The book documents a conversation with one Chicago police officer in which he admits many cops use forfeiture laws to rob residents in poor black neighborhoods, especially gang members with cars, cash or jewelry. He recalls the discussion, ‘”I’ve ridden along with JT and a few of his friends in their sports cars,” I said. “Sometimes a cop will pull us over for no reason. And then-“ “He asks to see a paycheck stub, right?” “Yeah! How did you know I was going to say that?” “We can’t arrest their mothers for living in a nice house. But when we stop them in their fancy cars, we can legitimately ask whether they stole the car or not. Now, again, I don’t do that stuff. But some other people do.”’
Not a gang member or criminal himself, the book’s author documents how he and countless other Chicago citizens are robbed regularly by police officers who claim they are confiscating drug proceeds in accordance with the law. VenKatesh recalls, ‘On a few occasions, I’d been riding in a car with some gang members when a cop stopped the car, made everyone get out, and summarily called for a tow truck. On a few other occasions, the cop let the driver keep the car but took everyone’s jewelry and cash.’
The author details another incident where police robbed a CHA home, ‘Then a fourth cop showed up, swaggered down the hall. It was Officer Jerry. He wore black pants, a black and blue fleece jacket, and a bulletproof vest. He started to beat and kick the father violently. “Where’s the money, nigger?” he shouted. “Where’s the cash?”
The real terrorists
Near the end of his book, author Sudhir Venkatesh documents that after living in the projects for a few years - a Middle Eastern American graduate student in an all-black housing project - the Chicago Police eventually figured out who he was and that he was writing a book about his first-hand experiences in the Robert Taylor Homes.
He goes on to detail how the Chicago police responded, ‘”Listen, I’m only trying to get a better understanding of what you do,” I said. “Maybe I could tell you a little bit about my research.” “Fuck you,” Jerry said, staring me down. “You write any of that shit down, and I’ll come after your ass. You got me? I don’t want to talk to you, I don’t want you talking to nobody else, and I don’t want to see you around these motherfucking projects. I know who you are, motherfucker. Don’t think I don’t know what you’re doing.” Venkatesh goes on to document how the police broke into his car attempting to steal his book-in-progress.
Another real-life character in the book that talks about the Chicago police is the head of the neighborhood Boys and Girls Club, about the only safe and constructive place many kids in the projects have. The author describes his reaction writing, ‘Autry insisted that I not write about the police. His explanation was revealing. “You need to understand that there are two gangs in the projects,” he said. “The police are also a gang, but they really have the power.”’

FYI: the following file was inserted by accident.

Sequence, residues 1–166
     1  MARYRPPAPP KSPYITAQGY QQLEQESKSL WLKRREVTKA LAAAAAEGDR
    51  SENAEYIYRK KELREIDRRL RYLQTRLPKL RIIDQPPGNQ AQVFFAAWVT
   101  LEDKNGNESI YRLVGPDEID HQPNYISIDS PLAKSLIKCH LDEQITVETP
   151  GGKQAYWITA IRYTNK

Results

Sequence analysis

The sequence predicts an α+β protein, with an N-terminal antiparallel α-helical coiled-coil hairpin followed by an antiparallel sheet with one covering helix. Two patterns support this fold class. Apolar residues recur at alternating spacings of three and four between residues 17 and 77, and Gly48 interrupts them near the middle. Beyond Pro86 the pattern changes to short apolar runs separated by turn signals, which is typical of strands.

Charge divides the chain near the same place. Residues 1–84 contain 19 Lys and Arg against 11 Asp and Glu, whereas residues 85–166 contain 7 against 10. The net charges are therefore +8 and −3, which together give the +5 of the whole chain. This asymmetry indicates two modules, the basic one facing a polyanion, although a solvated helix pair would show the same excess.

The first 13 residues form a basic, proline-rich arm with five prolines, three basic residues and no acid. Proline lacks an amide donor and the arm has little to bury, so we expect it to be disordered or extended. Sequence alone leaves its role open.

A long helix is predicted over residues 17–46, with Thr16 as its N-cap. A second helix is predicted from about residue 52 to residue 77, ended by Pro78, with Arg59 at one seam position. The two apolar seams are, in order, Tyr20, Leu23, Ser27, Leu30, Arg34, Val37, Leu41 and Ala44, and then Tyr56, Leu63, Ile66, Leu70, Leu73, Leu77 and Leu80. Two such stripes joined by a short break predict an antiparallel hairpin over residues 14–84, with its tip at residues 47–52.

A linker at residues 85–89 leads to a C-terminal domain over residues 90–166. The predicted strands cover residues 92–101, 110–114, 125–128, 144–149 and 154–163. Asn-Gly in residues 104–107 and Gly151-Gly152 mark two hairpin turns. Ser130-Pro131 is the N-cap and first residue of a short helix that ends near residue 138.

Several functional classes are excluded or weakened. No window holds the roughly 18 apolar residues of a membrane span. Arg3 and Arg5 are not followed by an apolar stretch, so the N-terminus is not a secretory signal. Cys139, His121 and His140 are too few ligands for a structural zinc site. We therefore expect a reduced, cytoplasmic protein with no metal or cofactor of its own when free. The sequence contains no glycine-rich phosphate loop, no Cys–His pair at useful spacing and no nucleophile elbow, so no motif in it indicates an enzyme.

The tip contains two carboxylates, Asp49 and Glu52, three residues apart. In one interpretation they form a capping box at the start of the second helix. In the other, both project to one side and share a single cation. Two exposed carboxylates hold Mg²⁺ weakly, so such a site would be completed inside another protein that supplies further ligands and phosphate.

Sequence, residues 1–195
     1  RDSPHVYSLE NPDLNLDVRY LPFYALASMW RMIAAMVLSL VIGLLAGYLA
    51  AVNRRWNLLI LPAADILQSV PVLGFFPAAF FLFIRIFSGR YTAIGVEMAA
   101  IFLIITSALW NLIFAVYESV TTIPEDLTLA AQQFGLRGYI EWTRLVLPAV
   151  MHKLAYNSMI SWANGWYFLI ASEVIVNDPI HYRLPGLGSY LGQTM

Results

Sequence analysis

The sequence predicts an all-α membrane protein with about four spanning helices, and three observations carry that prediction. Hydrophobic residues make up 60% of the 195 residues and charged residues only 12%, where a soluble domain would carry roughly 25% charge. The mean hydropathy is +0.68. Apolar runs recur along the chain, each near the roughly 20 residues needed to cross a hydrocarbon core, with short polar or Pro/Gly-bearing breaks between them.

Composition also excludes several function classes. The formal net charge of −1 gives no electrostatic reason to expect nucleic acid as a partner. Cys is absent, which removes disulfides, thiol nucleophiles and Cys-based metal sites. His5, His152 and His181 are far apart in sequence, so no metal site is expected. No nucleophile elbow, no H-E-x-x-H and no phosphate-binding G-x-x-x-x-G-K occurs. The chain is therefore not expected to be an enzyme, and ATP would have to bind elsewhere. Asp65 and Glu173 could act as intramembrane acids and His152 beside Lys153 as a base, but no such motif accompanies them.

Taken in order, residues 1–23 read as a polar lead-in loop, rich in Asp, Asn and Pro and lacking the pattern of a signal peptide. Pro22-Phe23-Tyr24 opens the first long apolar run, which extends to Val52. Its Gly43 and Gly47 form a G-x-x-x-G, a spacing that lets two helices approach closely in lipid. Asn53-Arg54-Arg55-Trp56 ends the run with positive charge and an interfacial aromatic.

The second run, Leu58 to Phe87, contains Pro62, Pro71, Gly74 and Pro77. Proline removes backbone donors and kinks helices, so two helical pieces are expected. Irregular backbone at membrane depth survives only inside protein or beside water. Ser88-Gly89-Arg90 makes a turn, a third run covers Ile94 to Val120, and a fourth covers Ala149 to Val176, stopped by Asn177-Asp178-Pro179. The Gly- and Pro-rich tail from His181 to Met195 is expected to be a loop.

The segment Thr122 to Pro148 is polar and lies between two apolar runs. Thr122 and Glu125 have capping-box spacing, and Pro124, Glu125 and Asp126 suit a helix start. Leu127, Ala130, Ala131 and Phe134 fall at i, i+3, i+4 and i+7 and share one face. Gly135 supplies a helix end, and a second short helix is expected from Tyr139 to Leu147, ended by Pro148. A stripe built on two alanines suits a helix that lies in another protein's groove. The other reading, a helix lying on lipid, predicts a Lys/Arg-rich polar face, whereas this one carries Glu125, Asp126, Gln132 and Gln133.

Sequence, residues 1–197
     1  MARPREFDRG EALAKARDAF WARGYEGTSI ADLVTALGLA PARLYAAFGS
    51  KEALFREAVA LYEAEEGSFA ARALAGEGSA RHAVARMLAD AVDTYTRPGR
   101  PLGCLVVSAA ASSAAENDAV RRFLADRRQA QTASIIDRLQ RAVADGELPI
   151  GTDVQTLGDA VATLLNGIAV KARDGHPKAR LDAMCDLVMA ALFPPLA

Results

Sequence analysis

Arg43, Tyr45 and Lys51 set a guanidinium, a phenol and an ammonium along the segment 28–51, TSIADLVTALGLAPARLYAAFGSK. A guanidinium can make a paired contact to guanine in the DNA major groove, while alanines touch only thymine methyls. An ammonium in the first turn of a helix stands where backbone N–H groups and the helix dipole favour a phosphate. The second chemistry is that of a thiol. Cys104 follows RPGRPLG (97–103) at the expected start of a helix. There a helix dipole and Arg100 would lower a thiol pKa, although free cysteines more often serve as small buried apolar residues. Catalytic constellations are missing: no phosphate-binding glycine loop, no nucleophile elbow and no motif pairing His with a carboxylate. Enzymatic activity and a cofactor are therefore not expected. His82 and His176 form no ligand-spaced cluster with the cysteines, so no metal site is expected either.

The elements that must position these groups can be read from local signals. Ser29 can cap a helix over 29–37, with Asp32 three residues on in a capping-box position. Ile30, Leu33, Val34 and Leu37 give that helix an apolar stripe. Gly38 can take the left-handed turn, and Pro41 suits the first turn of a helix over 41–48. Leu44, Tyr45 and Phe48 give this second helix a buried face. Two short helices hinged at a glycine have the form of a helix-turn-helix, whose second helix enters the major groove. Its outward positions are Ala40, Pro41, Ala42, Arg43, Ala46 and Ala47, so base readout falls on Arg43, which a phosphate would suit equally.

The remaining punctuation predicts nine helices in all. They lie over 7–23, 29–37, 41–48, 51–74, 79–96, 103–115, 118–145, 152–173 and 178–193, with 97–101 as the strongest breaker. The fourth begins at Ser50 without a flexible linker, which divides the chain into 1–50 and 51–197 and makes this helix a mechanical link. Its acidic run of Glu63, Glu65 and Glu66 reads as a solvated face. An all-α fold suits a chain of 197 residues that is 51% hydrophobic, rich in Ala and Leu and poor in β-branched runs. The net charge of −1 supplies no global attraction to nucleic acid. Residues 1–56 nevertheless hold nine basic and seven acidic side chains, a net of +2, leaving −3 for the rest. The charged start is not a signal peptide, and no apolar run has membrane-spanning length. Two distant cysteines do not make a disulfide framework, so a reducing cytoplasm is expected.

Author Sudhir Venkatesh’s repeated experiences with Chicago police officers eventually had him as afraid of the police as the rest of black Chicago is. He writes, ‘I began to fear the police much more than I had ever feared JT and the gangs. As Autry had told me, it was the cops who had the real power. They controlled where and how openly the gang could operate, and, if so inclined, they could put just about anyone in jail.’
Poor, black Chicago gets shafted again
It’s no secret that when the Chicago Housing Authority announced it was tearing down the city’s many crime-ridden high rise public housing projects, it also promised that every resident there would be moved into one of the new ‘scattered’ subsidized housing units throughout the city, including among the new multi-unit buildings being built on the huge real estate footprints left over after the high rises were torn down. But it was all a lie, and according to author Sudhir Venkatesh, every City Hall bureaucrat and local CHA building president was in on the lie. And they all got rich from the deception.
The author’s longtime CHA manager contact, Ms. Bailey, confirmed she and all the other building presidents were being paid off by the Housing Authority to make sure the residents never found out there was no new housing for them. One hundred thousand angry, homeless residents would create a riot, if not a revolution.
Venkatesh details one discussion with the local CHA building president Ms. Bailey, ‘”Well, I already told them I need a five-bedroom house in South Shore,” she said with a rich laugh. Then she told me the building presidents’ personal requests. “Ms. Daniels wants the CHA to give her son’s construction company a contract to help tear down the buildings. Ms. Wilson made a list of appliances she wants in her new apartment. Ms. Denny will be starting a new business, and the CHA needs to hire her to help relocate families.” “And you think the CHA will actually agree to these demands?” Ms. Bailey just sat and stared at me. Apparently my naivete was showing once more.’
He went on to write, ‘I asked Ms. Bailey how much she was getting. “Sudhir, I’ll be honest with you,” she said, smiling. “We’ll be taken care of. But don’t forget to put in your little book that the CHA also gets their share. We’re all washing each other’s hands around here.”’ The author doesn’t fail to mention the real-life ending to his multi-year friendship with the residents of Chicago’s Robert Taylor Homes, all of which were promised a place to live in the city’s new low-income housing.
He explains, ‘In place of the projects, the city began to build market-rate condominiums and town houses, three-story structures tucked cozily together instead of the sixteen-story high-rises separated by vase expanse. Robert Taylor tenants had been promised the right to return to the community once construction was done, but fewer than 10 percent of the units were set aside for public-housing families.’
The book Gang Leader for a Day by Sudhir Venkatesh takes readers on a ten-year journey of Chicago’s Robert Taylor housing projects. He doesn’t hold back in describing one terrifying, violent or criminal episode after another along his journey. His first-hand experiences with criminal police officers and corrupt government officials is both revealing and refreshing. The book is as enlightening as it is entertaining.